Response from Adelaide University SA-BEST Club: Nothing Less than the Best

Words by Lazaras Panayiotou

This year’s first On Dit issue featured a piece called, “Left, Right & Centre”, which was comprised of representatives from Socialist Alternative, the Adelaide University Labor Club and the Adelaide University Liberal Club who responded to a series of questions. The first question was regarding Nick Xenophon, a hot button issue brought about by his historic popularity at the upcoming state election. We acknowledge that the team at On Dit were not aware of the existence of an SA-BEST Club on campus at the time, which is fair enough considering this is our first year, but we thought it would be appropriate to still reach out and offer a response to be published online.

SA-BEST, and its leader Nick Xenophon, represent a very real and very important sentiment within the electorate: people are sick and tired of the major parties and the political culture that they so vehemently defend. It is the opinion of the Adelaide University SA-BEST Club that, for far too long, Labor and Liberal have been more committed to political point-scoring and using the Australian political system to further their own careers, than to commit to effective governance.

This rhetoric is nothing new to South Australian politics either. From the Liberal Movement of the 1970s up to the Australian Democrats who held seats well into the mid-2000s, South Australia has always been a stronghold for socially progressive, economically centrist, watchdog parties. This sentiment of watchdog politics is representative of South Australia’s commitment to democracy, and illustrates that, too often in national politics, South Australia is neglected in favour of the more powerful eastern states. This history contextualises South Australian politics, and SA-BEST is a logical conclusion that fits into this narrative perfectly.

SA-BEST is an attempt to make political history; never has a state election been a genuine three horse race. This political diversity is good for Australian democracy, as representing millions of voters with two ideological points-of-view has been proven inefficient. Many people accuse SA-BEST of lacking policy, which was an early campaign point of the larger, better funded parties. However, it is now the case that specific, well-drafted policy positions can be found on the website. Put simply, these policies and position guidelines convey how SA-BEST is committed to government and corporate responsibility and accountability, reforming gambling laws to help bring down Australia’s alarming problem gambling statistics and reforming our political system so it works efficiently for all South Australians, not just the top end, by following the example of accountability and watchdog measures found in the federal parliament.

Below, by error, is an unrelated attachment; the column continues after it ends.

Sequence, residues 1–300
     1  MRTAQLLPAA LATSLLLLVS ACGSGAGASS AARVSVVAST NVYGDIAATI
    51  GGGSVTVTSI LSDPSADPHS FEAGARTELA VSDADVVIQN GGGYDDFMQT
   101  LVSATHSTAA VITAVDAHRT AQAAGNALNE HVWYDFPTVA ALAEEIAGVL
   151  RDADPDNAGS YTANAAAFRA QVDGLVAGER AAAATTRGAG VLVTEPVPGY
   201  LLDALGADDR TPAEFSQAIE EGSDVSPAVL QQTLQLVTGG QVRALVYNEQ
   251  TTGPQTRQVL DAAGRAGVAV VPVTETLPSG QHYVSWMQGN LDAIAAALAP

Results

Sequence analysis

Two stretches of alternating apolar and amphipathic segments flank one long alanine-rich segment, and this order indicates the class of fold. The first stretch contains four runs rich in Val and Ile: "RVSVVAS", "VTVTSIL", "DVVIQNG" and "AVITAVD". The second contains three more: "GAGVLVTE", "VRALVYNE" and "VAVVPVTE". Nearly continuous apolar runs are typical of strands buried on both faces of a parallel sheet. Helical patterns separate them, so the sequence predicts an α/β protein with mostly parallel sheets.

Watching SA-BEST’s campaign has been an interesting test of South Australia’s political character. As it turns out, challenging the status quo leaves you open to attacks from all sides. The Australian Hotels Association, through the support of big business names like Woolworths, has been running one of the more aggressive scare campaigns in recent history, due to their profits being threatened by gambling legislation. Yet, SA-BEST is the only party to come forward call out the Australian Hotels Association, with Nick Xenophon bringing light to how latest research exposes that poker machines cause job loss, as highlighted by The Australian.

Furthermore, is worth noting that the Australian Hotels Association are major contributors to both the major parties, and to the Australian Conservatives. This interference in South Australian politics by amoral interest groups concerned merely by profits has led to the Alliance for Gambling Reform stating that Woolworths should cut ties with the Association in question, which is, disappointingly, the opposite of what Woolworths Chairman Gordon Cairns has come forward to say at the recent annual meeting, pitting themselves as operating, “through ALH” in their media statement on gaming late last month. “The great irony is that today there are people in South Australia and around the country who can’t afford to buy food and the essentials of life in a Woolworths Supermarket because they have lost their money at a Woolworths’ poker machine,” said Nick Xenophon on Sunday.

While other political parties and politically-affiliated university clubs continue their attack up until the 17th, we will be happy to work with them on any issues facing the state or the university. We hope we can prove our worth and promote a change in our political culture that can be better equipped at promoting the inclusivity of students and voters.

If you want a change in the way politics is done in your state; if you want to see each politician working harder for the interests of constituents, and if you want to see governments and corporations held to account, SA-BEST would be honoured if you were to put us high on your ballot paper on the 17th. It’s time we shook up politics in this state, not as an accursedly parasitic party, but one representative of democracy’s ideals through accountable governance. SA-BEST will not allow itself to be tied down by a coalition that favours the two-party system, but instead opt for whichever arrangement that will best ensure that we, as individuals, leave South Australian politics in a healthier position than when we started. Negotiation is SA-BEST’s speciality, as demonstrated through the hard work of the Nick Xenophon Team in the federal parliament, and we will not bargain for anything less than the best.

Lazaras Panayiotou is the Vice-President of the Adelaide University SA-BEST Club

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Adelaide University student magazine since 1932. Edited by Nicholas Birchall, Felix Eldridge, Taylor Fernandez and Larisa Forgac. Email us at

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